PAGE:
The other sperm nucleus instead unites with two polar nuclei producing an endosperm nucleus. What happens next is that the fertilized ovule matures into a seed.

The ovary, of course, is a very important part as it contains and protects the developing seeds.

Reproductive geranium flower parts—male and female parts showing on the same flower

Reproductive geranium flower parts—male and female parts showing on the same flower

geranium-pelargonium-anatomy-and-plant-parts

More Geranium Pelargonium Anatomy

Geraniums, of course, aren’t solely made up of flowers. Just like other plants, geraniums are blessed with appealing leaves and other important parts.

Getting accustomed to these parts is advantageous, not only to satiate curiosity but also for the purpose of understanding exactly what parts of a plant are being described in articles and books.

Of course, we have the roots, which are anchored into dirt. The roots are meant to take in water and nutrients from the soil.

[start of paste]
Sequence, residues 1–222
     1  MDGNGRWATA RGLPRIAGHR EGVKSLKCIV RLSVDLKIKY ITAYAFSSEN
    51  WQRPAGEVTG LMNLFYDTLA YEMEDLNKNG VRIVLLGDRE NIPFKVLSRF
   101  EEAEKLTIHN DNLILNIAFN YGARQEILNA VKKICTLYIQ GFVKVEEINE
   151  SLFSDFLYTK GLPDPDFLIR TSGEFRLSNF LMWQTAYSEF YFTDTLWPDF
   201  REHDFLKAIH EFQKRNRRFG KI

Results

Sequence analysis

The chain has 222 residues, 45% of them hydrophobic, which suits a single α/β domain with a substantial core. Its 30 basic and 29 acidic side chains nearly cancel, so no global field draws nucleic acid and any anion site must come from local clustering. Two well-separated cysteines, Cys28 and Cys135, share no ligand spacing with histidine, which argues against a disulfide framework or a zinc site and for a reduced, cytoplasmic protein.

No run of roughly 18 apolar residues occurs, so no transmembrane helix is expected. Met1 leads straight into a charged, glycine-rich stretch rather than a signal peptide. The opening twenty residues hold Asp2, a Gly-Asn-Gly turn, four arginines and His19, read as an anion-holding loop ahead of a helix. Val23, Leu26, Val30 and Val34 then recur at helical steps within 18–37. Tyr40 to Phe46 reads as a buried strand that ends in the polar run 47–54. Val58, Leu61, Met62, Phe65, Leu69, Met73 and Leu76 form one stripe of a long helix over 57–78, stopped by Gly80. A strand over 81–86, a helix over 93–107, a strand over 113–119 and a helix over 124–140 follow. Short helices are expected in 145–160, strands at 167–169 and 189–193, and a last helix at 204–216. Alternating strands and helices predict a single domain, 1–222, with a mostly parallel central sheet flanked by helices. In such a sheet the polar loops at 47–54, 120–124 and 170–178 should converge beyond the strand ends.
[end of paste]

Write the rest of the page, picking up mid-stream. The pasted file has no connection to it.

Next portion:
Then, above the dirt, there is the stem. The main function of the stem is to provide support to the geranium’s leaves, flowers, and seeds.

Leaves instead are there to photosynthesize (carbon dioxide is absorbed through the pores and oxygen is released), and such leaves, therefore, feed the plant with nutrients.

Leaves connect to the stem through a leaf stalk that attaches the leaf to the plant and is known as petiole.

A small appendage at the base of the petiole may be found, and this is called a stipule.

The angle formed between the upper side of the stem and a leaf is known as axil. Sometimes a bud may form here, and when it does, it is called an axillary bud.

The node is an area of branching of leaves, while the internode is the area between the branching.

At the opposite side of the roots, right atop the stem, is the terminal bud. Also known as the apical bud, this is the main area of growth in geranium plants.

geranium-pelargonium-anatomy-and-plant-parts

Sources and Further Reading

This content is accurate and true to the best of the author’s knowledge and is not meant to substitute for formal and individualized advice from a qualified professional.

© 2022 Janet Rolla